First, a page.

How the Real Estate Industry Contributes to Racial Disparities in the U.S. and How It Can Do Better
RiNo and LoHi and LoDo… SloHi! Surely you’ve noticed the proliferation of cute neighborhood names taking over Denver. Even South Park joined in on the action by renaming Kenny’s neighborhood, SoDoSoPa. Many view these new names as a signal of a neighborhood “arriving.” On closer inspection, it is part of the “re-branding” of neighborhoods that were once considered unsafe for white folks. It is an early step in gentrification.
- LoHi, SloHi, or anything Highland was once known as Northwest Denver to the Latino community who resided there previously.
- LoDo (Lower Downtown) was known as a skid row until Denver City Council established the Lower Downtown Historic District in 1988.
- RiNo (sometimes known as River North) wasn’t established until about 15 years ago, when it was mostly warehouses and light industrial buildings on the edge of Five Points. Five Points is Denver’s most notable historic African-American neighborhood.
What is Gentrification?
Gentrification is the process of changing historically impoverished neighborhoods into areas that better conform to middle class tastes; re-branding is an early step in this process. (These historically impoverished neighborhoods are oftentimes occupied by minorities- for reasons that we will explore in this deep dive into the ways that real estate fits into the Black Lives Matter movement.)
While gentrification has become a buzzword, the concept is still misunderstood. It is important to look at gentrification within the larger historical context of real estate practices that are discriminatory toward minorities, especially black and brown people.
What is redlining in real estate?
“Redlining destroyed the possibility of investment wherever black people lived.”
The US government established redlining in the 1930s. In this practice, government surveyors color coded different areas of the map as green (best), blue (still desirable), yellow (declining), and red (hazardous). The federal government deemed the redlined areas as credit risks and they based this determination on, primarily, racial composition of the neighborhood. The federal government would not back mortgages for homes in the red areas of the map.
As real estate professionals, we know that the federal government’s backing of mortgages in the United States is why there is a middle class. Folks who don’t work in this field day in and day out may not be aware of the impact of this government action. Want an example of a federally-backed loan? How about VA loans, loans specifically for veterans. Because of redlining, it was harder for black and brown veterans to buy homes and build wealth than it was for white veterans who were able to more widely use the loans made available to them by the VA home loan program, created in 1944. This is just one example. The majority of home loans in the United States are either federally-backed or structured according to federal standards .
The practice of redlining had several immediate consequences and the ongoing impacts are traceable to the current day. In short, people of color faced significant barriers in obtaining loans. Furthermore, homes they owned in redlined areas would have significantly depressed values.
The way that Americans build wealth is through home ownership. It is, after all, the American Dream. However, through redlining, people of color have been systemically denied this opportunity.
Today, more than 30% of first time home buyers make their down payment using a gift from their parents or other family members. If those parents and their parents and grandparents did not have the opportunity to build wealth through home ownership, then are they in the position to gift a down payment to their kids and grand kids? Probably not. Not to mention that people use the wealth generated by home ownership for lots of other things that help them pursue their dreams, go to college, start a business, and more.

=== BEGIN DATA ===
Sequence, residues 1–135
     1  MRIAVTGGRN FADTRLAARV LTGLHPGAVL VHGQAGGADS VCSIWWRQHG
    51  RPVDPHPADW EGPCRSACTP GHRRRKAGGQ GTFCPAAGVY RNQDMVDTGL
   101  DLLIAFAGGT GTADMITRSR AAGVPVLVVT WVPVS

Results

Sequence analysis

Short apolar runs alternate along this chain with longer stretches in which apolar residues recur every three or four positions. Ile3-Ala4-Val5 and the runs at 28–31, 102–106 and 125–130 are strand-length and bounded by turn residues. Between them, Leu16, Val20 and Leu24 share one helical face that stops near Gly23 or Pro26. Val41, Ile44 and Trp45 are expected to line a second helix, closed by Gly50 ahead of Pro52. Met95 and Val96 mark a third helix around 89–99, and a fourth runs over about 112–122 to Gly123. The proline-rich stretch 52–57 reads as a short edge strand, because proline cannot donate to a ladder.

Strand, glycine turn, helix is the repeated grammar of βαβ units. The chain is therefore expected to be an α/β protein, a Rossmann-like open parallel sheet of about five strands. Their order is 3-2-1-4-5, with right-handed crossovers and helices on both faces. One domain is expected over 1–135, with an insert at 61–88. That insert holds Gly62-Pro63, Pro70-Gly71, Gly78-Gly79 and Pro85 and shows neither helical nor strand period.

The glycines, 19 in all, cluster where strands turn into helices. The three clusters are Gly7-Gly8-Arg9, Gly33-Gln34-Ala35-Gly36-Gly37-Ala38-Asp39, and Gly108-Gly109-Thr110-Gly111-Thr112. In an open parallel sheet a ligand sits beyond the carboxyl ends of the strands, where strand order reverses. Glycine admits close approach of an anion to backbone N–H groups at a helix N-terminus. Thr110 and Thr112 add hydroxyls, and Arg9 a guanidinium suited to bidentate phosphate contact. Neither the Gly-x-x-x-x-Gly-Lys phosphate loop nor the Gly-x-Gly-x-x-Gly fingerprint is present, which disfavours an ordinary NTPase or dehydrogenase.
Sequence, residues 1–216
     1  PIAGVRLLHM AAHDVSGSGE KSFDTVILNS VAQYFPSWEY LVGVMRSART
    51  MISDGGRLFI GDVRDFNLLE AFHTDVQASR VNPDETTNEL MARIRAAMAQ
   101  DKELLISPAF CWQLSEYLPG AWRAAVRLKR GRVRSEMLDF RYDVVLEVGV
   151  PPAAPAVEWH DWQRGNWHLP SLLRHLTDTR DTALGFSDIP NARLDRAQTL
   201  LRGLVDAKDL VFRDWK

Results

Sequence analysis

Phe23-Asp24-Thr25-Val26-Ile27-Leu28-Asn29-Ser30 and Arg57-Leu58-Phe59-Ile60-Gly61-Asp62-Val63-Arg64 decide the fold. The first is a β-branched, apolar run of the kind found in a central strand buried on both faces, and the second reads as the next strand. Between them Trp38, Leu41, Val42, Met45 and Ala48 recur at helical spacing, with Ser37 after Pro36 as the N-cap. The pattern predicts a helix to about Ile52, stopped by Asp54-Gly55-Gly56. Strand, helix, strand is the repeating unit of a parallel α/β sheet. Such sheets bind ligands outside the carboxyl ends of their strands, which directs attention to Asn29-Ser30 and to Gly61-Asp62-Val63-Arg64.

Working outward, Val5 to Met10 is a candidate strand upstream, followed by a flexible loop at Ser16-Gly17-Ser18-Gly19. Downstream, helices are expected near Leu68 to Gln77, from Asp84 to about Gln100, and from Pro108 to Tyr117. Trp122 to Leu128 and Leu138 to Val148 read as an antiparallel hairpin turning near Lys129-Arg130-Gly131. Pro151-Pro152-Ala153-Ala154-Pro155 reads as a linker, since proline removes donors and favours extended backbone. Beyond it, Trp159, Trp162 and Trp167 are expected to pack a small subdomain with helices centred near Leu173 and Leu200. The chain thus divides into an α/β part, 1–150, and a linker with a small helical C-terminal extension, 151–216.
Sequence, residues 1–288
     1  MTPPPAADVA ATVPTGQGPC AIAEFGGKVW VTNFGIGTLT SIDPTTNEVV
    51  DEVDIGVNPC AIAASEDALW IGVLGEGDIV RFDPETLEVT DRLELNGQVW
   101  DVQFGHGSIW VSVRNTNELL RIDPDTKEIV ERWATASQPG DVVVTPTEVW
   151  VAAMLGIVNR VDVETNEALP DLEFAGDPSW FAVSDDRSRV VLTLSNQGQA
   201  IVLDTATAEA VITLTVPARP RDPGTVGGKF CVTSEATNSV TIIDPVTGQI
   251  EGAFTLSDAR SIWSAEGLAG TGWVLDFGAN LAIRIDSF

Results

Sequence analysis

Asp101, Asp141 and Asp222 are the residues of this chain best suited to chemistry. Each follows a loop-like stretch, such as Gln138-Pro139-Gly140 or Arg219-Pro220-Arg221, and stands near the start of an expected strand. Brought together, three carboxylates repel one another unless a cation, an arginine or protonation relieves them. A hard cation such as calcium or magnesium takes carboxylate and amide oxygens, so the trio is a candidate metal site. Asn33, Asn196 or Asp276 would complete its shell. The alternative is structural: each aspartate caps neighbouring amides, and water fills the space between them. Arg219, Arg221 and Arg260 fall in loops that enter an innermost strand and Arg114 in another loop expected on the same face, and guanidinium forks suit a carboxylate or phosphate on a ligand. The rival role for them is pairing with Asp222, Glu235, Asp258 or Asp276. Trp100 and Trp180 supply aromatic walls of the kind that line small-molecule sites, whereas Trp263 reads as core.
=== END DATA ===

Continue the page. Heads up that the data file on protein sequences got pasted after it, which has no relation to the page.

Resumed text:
Redlining and its ripples are multilayered and complex and beyond the scope of this post. However, if you would like to learn more about redlining, check out these deep dive resources:
- The history of redlining
- The racist policy that made your neighborhood
- America’s formally redlined neighborhoods have changed, and so must solutions to protect them
- Redlining was banned 50 years ago. It’s still hurting minorities today.
But Wait There’s More… forms of Housing Discrimination
Redlining wasn’t the only practice in place that precluded people of color from their pursuits of wealth and happiness. For example, until 1956, the Realtor code of ethics actually required racial discrimination. The code read:
“A Realtor should never be instrumental in introducing into a neighborhood a character of property or occupancy, members of any race or nationality, or any individuals whose presence will clearly be detrimental to property values in that neighborhood.”
In other words, Realtors shouldn’t sell homes in white neighborhoods to black and brown home buyers. To be completely clear, the National Association of Realtors is a professional lobbying organization. Many people use the words Realtor and “real estate agent” interchangeably, but they are not the same thing. It’s like squares and rectangles. All Realtors are real estate agents but not all real estate agents are Realtors.
Neighborhood covenants have also been used to exclude minorities and people of color from purchasing homes in certain areas. Once the Supreme Court determined that states could no longer enforce such racist covenants, the real estate industry then turned to a strategy known as blockbusting. Real estate agents stoked the fears that the racial integration of a neighborhood would dramatically decrease property values, getting white homeowners to sell their homes at a loss. As white flight increased, home values in these neighborhoods dropped, further limiting the equity gains experienced by black and brown homeowners.